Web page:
East Lyme brothers will bring combination of BBQ styles to Waterford by summer 2017
Waterford — Barbecue isn't really a Connecticut thing.
But Paul and Pete Daversa are going to try their hardest to bring the best of Texas — and Memphis, and North Carolina — to Waterford with the restaurant they plan on opening next summer.
They say the restaurant's name, Mago Point Smokehouse, is an indication of how the two brothers, who grew up in East Lyme, are committed to coming back to the area where they grew up.
"That was the notion — of doing something on the water and at home," Paul Daversa, the CEO of a national technology recruitment firm, said from his New York offices Tuesday.
"I think there is a definite need for it," Pete Daversa said. "If you really want authentic barbecue, there's nowhere here that does it."
Construction has already started on the 4,500-square-foot restaurant on the former site of Unk's, and the Daversas say they plan to open in the summer of 2017. The brothers held an official groundbreaking event Friday.
Pete has spent the last 10 years graduating from culinary school and making his way into the kitchens of barbecue restaurants from New York to Hong Kong.
Their mother would cook for them, but mostly Italian dishes like spaghetti and meatballs, Pete said.
"She would do ribs occasionally," he said. "I didn't really have much exposure as a kid to barbecue."
But for Pete, the pit came naturally.
"I was just obsessed with ribs, obsessed with brisket, obsessed with pork shoulder," he said. "It just kind of happened."
The Daversa brothers have been thinking about opening a restaurant together for years.
They chose Mago Point — the section of waterfront land that juts out from Route 156 into the Niantic River — after the Unk's property went up for sale, buying the former seafood restaurant in January 2014 and starting to apply for construction permits this year.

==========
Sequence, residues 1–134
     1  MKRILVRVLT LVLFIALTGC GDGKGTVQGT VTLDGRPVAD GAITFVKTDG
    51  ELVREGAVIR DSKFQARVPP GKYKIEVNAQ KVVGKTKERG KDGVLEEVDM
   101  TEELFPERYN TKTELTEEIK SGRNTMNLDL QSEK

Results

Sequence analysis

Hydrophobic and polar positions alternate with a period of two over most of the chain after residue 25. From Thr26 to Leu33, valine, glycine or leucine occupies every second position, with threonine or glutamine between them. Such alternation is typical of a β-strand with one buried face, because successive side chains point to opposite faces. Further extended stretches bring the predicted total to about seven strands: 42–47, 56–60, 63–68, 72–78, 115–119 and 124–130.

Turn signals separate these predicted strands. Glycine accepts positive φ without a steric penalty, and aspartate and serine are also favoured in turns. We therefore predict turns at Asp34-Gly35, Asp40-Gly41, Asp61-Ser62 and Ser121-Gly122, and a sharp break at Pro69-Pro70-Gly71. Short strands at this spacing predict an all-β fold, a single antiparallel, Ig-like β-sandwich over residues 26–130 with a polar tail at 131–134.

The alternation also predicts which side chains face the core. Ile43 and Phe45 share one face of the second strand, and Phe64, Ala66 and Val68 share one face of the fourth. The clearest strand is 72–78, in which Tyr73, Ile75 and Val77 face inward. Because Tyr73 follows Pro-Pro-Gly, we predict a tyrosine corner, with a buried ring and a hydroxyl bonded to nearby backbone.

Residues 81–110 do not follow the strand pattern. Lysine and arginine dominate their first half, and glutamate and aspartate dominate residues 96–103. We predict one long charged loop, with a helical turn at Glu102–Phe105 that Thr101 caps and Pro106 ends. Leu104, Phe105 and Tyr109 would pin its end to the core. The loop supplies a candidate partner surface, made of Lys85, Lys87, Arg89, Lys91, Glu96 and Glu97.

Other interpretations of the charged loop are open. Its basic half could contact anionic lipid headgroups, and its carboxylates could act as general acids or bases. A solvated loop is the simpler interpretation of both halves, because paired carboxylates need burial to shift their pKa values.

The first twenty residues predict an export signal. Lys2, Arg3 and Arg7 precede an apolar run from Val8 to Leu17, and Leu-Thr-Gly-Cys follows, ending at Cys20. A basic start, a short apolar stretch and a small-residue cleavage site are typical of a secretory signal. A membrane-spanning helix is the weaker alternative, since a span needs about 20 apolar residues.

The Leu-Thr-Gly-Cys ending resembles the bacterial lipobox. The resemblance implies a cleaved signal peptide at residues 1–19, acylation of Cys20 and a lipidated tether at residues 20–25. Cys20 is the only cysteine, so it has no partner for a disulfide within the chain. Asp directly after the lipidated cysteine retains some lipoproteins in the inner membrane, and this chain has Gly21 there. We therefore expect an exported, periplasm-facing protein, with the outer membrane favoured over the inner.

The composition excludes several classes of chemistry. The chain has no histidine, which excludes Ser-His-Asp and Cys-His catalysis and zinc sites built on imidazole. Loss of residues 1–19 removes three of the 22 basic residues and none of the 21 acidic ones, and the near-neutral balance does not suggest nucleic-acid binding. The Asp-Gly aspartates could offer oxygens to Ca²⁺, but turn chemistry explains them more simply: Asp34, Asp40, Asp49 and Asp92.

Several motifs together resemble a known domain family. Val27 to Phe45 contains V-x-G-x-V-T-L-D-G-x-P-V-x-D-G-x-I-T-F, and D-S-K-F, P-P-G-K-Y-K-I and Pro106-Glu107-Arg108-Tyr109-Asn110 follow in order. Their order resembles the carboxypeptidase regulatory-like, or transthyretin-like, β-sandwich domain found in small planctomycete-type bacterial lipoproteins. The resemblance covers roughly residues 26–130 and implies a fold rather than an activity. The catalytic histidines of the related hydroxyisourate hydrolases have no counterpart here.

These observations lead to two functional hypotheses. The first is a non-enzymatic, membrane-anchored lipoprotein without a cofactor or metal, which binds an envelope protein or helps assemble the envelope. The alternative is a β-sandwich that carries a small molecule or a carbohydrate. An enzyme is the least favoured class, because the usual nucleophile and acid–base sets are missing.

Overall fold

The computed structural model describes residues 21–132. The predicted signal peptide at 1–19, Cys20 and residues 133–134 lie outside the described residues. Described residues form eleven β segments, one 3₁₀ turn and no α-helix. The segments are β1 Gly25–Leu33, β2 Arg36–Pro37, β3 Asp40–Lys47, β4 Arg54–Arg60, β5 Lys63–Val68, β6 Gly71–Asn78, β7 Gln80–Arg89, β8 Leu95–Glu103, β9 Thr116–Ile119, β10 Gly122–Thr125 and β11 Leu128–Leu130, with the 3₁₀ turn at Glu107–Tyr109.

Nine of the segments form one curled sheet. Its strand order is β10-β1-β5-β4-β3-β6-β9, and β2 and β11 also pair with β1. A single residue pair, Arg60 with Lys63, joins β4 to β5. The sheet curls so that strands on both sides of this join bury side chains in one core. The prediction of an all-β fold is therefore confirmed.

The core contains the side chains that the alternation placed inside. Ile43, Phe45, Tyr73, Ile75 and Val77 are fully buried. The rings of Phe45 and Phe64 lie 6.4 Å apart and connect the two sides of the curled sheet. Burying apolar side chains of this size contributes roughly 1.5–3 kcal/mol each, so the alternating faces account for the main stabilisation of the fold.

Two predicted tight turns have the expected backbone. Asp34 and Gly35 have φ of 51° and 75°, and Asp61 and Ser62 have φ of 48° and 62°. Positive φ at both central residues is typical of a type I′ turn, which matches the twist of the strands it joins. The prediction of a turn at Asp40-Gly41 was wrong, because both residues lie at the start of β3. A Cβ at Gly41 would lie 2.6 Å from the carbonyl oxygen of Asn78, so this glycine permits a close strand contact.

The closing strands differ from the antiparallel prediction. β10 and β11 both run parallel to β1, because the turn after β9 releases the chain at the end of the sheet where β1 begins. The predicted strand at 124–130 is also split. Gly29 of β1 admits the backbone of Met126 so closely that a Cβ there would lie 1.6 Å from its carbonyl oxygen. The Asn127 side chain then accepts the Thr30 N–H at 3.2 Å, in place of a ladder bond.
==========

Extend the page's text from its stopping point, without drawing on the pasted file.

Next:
The restaurant, which would be surrounded by the recreational fishing industry and smaller restaurants that make up the mostly empty Mago Point, could revitalize the area, Paul said.
The Mago Point neighborhood is named according to legend for the prediction by its original developers that "it may go, or it may not."
The new restaurant will represent private investment in a town effort to revitalize the neighborhood with zoning changes and a boardwalk.
Aside from a handful of businesses that have remained there over the decades, the neighborhood's growth has remained stagnant.
"We think it's got a shot to be a real catalyst for Mago Point," Paul said.
Paul admitted that the restaurant's success in a mostly empty part of town isn't guaranteed.
"It's probably the...riskiest investment either of us have made in our professional careers," he said.
An original plan for the restaurant included a much bigger building with a residential development on top, but the property's location in a FEMA-regulated flood zone made that idea too expensive, Paul said.
Now the brothers are banking on local demand for "real" barbecue, and the success of the town's efforts to make Mago Point more friendly to business.
Local farms can't provide enough meat for the restaurant to be 'farm-to-table,' but Pete said he plans to use local vegetables as often as possible and says he will allow people fishing off Mago Point to bring in their catch and have it cooked in the smokehouse's kitchen.
"We're on the water, it would be a shame not to do something like that," he said.
So far, advertising has been minimal. Pete has been selling his food at the Niantic Farmers Market, and catering private and charitable events to get the taste of "Mago Point barbecue" in people's mouths.
"For now...we're doing just enough to try to get the name out, and get people talking," he said.
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